No conviction for sex offender wanting to become pilot

A Dunedin man who sexually offended against two boys has avoided a conviction, paving the way for a career as a commercial pilot.

The 20-year-old, whose name was permanently suppressed this afternoon, appeared in the Dunedin District Court after pleading guilty to four charges of sexual conduct with a person underthe age of 16 and one of sending an indecent communication to a person under the age of 18.

Judge Kevin Phillips said giving the defendant a criminal record would “destroy” him.

“There’s no issue … that if there’s convictions entered, his opportunities in relation to a commercial flying career are ended,” he said.

The judge said the gravity of the offending was “low to moderate” and that that was outweighed by the potential consequences of a conviction.

The man’s life would be “totally ruined”, he said.

The defendant met the first victim on an internet chatroom when the boy was 15, and their communications soon moved to social media.

He requested the teen send him lewd photos of himself and the pair spent three months exchanging explicit images.

By January 2018, the defendant started demanding the victim lose weight.

If he did not, photos would be shared with other people, the man threatened.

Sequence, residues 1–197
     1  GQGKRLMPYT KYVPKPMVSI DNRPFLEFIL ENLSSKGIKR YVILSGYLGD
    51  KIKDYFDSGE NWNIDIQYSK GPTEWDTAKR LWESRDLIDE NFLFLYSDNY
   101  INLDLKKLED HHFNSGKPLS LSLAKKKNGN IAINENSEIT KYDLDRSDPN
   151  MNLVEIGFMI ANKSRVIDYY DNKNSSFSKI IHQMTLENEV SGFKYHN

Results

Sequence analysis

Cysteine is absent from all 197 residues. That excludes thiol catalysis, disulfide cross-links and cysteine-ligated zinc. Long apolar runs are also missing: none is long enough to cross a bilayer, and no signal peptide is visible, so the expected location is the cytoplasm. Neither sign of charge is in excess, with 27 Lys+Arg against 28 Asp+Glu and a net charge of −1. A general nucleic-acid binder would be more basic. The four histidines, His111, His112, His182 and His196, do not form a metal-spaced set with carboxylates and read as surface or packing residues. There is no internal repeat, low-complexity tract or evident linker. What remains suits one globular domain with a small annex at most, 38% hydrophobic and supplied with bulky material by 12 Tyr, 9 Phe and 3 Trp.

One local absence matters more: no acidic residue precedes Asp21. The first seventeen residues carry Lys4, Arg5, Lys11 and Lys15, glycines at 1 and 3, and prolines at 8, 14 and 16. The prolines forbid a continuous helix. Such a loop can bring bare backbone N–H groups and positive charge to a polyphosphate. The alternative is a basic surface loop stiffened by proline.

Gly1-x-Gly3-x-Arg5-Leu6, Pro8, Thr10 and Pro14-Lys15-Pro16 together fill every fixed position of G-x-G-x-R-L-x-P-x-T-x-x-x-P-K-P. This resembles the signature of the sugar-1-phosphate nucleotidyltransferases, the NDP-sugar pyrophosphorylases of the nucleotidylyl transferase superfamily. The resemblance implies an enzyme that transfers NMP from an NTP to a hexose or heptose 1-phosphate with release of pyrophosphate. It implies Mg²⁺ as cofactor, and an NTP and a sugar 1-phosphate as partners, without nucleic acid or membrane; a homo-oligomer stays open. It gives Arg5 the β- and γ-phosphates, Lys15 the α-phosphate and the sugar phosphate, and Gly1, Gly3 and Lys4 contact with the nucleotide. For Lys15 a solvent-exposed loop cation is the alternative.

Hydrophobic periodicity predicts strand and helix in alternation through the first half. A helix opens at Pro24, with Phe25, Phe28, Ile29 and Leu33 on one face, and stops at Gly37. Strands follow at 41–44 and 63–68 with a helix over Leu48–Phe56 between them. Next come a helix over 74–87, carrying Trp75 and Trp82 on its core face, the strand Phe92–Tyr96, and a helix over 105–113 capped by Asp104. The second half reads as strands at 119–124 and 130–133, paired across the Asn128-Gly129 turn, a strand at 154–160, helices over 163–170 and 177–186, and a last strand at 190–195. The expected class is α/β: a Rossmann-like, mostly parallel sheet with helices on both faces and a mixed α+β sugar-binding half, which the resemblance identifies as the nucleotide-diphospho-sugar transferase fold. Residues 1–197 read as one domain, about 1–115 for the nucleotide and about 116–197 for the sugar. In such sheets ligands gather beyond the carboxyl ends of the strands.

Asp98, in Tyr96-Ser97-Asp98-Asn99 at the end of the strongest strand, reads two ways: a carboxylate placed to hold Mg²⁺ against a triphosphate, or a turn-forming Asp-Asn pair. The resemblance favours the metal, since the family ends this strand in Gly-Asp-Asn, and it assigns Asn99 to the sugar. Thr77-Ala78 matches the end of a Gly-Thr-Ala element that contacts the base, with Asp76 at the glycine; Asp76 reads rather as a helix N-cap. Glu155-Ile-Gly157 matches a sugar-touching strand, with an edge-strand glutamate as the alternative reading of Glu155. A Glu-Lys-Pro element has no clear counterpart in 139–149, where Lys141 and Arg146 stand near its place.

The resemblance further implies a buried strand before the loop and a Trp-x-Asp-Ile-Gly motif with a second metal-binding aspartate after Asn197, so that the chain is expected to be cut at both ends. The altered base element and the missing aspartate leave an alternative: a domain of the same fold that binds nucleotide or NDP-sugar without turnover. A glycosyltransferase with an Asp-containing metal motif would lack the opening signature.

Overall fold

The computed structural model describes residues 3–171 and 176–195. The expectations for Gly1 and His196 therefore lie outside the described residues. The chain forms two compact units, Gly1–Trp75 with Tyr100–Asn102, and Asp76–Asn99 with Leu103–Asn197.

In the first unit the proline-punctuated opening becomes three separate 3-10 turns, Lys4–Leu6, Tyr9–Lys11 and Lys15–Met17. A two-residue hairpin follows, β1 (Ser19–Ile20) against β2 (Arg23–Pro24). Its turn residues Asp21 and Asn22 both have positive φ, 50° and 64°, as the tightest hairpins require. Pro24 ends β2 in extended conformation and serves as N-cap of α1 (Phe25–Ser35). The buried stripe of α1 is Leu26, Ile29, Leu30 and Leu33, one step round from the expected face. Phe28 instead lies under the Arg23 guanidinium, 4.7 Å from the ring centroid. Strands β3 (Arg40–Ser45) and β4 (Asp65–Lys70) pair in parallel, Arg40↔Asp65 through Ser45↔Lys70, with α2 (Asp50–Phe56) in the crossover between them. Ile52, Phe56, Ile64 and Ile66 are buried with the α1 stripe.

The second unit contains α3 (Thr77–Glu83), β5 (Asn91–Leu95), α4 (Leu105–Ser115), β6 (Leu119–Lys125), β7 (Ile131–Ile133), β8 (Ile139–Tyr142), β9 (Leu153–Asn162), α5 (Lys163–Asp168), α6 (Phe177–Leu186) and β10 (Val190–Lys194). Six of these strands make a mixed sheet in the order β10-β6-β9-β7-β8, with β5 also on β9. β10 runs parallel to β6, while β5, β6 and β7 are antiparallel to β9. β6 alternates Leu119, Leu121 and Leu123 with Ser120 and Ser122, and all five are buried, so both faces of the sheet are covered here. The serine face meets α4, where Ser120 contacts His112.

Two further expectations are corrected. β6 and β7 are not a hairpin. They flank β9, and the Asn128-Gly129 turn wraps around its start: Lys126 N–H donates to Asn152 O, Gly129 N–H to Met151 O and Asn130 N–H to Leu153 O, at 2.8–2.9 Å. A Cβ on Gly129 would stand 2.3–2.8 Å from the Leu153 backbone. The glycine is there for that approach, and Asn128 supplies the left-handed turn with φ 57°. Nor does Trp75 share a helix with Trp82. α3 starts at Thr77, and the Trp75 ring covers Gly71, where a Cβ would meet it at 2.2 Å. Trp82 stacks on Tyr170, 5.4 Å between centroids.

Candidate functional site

And he followed through on the threat, sending images of the victim’s genitalia to two friends.

The second set of offences occurred when a 14-year-old, who shared the interests of the defendant, went to his home.

First, the man put his hands on the victim’s crotch while they watched a movie.

He stopped when told to by the teenager but later that day he tried to put his hand down the back of the boy’s jeans.

The act was repeated even as the defendant drove the victim home.

“Please stop,” he repeated, until he was finally dropped off.

That victim read a statement to the court this afternoon, detailing how his life “crashed” after he was molested by the defendant.

“It was like these voices playing on repeat and I couldn’t and still can’t get them to leave me alone,” he said.

“The feel of what you did to me sticks to me as a part of me.”

In situations with other older males, the victim reported feeling “petrified” the same thing may happen again.

While the victim initially self-harmed and blamed himself, he told the court he was now changed.

“You’ve messed with the wrong person … now I’m strong and I feel like I can overcome anything,” he said.

He hoped today would be the last day he ever saw the defendant.

“Actions have consequences,” he said.

Defence counsel Anne Stevens QC said her client had done everything possible since the offending to put things right.

He had apologised to both victims, had done community work for an environmental group and had emotional harm reparation to offer.

The defendant’s parents wrote a letter to the court saying their son had changed in the last year.

They said he now talked openly about his crimes and they believed he had learned from his mistakes.

A psychologist assessed the defendant as being a very low risk of reoffending.

The discharge without conviction was granted on condition he pay both victims $2500.

Judge Phillips told the second victim, who was in court, that the discharge was not intended to minimise the consequences he had suffered.

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